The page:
Consuming Milk After Eating Sugary Cereal Could Limit Cavities

Milk is all it takes to combat the damaging effects of eating sugary cereal.

The University of Illinois at Chicago College of Dentistry conducted a study that showed milk lowers plaque acid levels and reduces damage to the enamel when milk is consumed after eating cereal.

The information appears in the July issue of the Journal of the American Dental Association.

When carbohydrates are consumed four times each day in amounts greater than 60 g, a person’s risk of developing cavities is higher.

Bad Dental Health May Cause Alzheimer’s

People with poor dental hygiene or gum disease may be at higher risk for Alzheimer’s disease.

A new study from the University of Central Lancashire School of Medicine and Dentistry recently conducted the study. The study looked at brain samples donated by 10 patients to make their conclusions. The research showed that products from Porphyromous gingivalis were present in the brains of dementia patients. This bacterium is affiliated with gum disease.

Vegetarians Have Better Oral Health Than Meat Eaters

If you want improved oral health, become a vegetarian.

A new study from German researchers indicates that vegetarians have better dental health than their meat-eating counterparts. The Department of Conservative Dentistry, Periodontology and Preventive Dentistry at the Hannover Medical School showed that vegetarians have healthier gums than meat eaters. The study also demonstrated that vegetarians are at a reduced risk for tooth loss, bleeding and inflamed gums.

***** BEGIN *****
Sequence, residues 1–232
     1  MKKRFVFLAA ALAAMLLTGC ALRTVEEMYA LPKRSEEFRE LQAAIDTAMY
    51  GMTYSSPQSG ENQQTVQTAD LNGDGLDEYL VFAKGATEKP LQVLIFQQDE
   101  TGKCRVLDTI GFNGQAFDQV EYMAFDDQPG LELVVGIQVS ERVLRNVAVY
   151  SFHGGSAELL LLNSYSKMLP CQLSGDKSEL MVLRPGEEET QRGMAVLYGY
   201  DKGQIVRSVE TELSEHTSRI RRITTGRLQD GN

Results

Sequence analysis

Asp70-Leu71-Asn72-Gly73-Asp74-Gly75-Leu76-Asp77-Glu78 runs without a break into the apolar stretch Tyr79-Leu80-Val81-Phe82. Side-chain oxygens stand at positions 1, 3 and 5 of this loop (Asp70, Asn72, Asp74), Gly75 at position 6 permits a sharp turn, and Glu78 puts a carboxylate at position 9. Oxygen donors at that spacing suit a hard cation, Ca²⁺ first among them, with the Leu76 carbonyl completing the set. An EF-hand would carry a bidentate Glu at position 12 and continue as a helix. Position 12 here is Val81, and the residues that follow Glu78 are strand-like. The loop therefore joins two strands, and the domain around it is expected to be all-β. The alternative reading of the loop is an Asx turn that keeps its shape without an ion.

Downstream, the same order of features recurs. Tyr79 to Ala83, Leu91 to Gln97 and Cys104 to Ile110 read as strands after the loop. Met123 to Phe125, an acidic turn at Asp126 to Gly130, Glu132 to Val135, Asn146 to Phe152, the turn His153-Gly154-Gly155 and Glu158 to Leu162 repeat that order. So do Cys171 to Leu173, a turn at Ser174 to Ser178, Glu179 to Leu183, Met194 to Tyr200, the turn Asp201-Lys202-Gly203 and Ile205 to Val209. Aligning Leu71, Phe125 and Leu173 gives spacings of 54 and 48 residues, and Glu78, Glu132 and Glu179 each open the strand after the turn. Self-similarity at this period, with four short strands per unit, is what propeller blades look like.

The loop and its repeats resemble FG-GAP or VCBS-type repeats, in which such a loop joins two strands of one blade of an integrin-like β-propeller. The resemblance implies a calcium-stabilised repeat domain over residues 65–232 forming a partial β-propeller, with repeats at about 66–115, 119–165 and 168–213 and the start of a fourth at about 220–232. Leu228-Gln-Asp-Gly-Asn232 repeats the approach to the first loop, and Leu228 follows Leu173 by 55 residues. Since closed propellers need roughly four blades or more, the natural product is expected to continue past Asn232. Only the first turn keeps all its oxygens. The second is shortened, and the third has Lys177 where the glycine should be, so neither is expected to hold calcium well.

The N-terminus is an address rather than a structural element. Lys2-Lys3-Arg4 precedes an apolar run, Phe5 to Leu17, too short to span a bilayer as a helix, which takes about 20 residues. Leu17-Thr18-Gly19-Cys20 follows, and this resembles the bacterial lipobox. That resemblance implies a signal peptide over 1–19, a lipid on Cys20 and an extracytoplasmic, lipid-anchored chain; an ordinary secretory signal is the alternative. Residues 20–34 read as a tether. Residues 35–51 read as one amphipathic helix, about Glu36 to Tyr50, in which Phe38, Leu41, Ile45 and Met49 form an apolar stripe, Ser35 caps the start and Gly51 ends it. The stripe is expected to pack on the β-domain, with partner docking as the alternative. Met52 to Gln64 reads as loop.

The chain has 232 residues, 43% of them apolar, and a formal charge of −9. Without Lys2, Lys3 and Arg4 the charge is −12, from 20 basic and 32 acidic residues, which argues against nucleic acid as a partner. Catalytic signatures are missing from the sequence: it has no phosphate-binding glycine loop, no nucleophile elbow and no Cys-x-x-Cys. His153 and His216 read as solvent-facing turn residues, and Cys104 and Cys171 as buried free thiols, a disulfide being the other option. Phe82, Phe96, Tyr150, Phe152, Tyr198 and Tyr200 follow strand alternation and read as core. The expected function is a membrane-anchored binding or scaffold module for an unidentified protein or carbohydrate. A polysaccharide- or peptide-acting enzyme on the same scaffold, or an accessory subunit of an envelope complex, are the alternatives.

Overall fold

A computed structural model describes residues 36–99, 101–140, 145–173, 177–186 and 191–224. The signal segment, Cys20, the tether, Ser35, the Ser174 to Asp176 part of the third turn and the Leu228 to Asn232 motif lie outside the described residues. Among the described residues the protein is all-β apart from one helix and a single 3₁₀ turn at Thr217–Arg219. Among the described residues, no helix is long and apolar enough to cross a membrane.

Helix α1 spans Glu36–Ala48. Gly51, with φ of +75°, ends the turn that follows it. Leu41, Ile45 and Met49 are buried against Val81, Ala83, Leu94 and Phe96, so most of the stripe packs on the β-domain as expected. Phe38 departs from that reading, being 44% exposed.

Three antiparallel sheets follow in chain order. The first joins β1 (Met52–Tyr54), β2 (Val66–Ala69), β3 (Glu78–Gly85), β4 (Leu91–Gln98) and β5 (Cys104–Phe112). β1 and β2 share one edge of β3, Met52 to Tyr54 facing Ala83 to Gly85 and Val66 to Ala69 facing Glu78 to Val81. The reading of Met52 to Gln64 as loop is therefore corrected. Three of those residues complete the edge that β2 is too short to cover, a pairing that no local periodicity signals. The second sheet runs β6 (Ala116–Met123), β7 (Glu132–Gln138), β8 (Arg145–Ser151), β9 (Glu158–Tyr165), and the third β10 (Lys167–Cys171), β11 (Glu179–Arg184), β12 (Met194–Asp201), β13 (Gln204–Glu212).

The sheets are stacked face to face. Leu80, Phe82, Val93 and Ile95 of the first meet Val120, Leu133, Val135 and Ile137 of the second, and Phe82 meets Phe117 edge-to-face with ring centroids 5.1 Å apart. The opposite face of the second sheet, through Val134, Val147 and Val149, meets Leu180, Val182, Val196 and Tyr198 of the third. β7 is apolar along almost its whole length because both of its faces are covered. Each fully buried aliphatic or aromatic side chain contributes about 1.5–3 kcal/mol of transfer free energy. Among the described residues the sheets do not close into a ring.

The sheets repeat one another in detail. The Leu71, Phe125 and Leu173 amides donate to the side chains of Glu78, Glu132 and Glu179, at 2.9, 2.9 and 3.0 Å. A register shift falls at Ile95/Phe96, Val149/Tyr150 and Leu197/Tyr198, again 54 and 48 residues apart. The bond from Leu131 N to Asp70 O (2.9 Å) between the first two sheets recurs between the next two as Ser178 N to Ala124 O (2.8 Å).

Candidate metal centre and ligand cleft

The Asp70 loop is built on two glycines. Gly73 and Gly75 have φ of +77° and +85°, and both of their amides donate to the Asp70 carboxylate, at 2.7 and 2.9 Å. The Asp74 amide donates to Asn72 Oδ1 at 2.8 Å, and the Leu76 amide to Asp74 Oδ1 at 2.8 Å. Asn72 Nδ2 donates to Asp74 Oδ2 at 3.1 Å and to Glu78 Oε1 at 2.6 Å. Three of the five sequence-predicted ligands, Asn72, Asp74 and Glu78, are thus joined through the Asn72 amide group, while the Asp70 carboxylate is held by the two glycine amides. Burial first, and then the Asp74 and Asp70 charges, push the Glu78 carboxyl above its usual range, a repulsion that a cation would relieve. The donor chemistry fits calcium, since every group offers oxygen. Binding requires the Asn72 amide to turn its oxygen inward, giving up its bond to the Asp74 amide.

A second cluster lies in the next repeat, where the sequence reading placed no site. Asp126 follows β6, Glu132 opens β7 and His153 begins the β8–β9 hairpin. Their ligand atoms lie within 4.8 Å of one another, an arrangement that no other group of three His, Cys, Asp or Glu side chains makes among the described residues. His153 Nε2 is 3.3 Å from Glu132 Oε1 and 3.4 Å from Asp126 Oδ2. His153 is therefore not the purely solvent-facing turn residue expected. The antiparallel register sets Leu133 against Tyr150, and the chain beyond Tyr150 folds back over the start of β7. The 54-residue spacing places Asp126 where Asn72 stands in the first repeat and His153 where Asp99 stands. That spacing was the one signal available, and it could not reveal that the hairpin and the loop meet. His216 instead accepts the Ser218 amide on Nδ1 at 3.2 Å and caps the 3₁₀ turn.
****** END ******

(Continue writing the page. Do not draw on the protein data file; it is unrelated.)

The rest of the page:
On the other hand, the study showed that vegetarians don’t visit the dentist as often as meat eaters. This could be the reason why vegetarians have more cases of dental decay.

Teeth Could be Grown from Urine

Urine may have the ability to do something that no one ever could have imagined: grow teeth.

Researchers in China recently utilized human urine to grow teeth.

The information from the study, which appears in the Cell Regeneration Journal, indicates that small, teeth-like structures began to develop. The research team hopes to eventually create full-grown teeth, which may later replace teeth people lose from some kind of injury or decay.

Flossing May Lower Pancreatic Cancer Risk

Flossing may have an added benefit aside from removing everything stuck between your teeth.

Flossing may help to reduce the risk of pancreatic cancer, according to a new study. The reason for this, based on the Brown University study, is that gum disease could be linked to pancreatic cancer.

The conclusions that may be drawn from the study are concerning. The information shows that bacteria from the mouth may travel to other areas of the body, setting up a situation in which there is an inflammatory response. The immune system is adversely impacted and tumor signal pathways may be activated.



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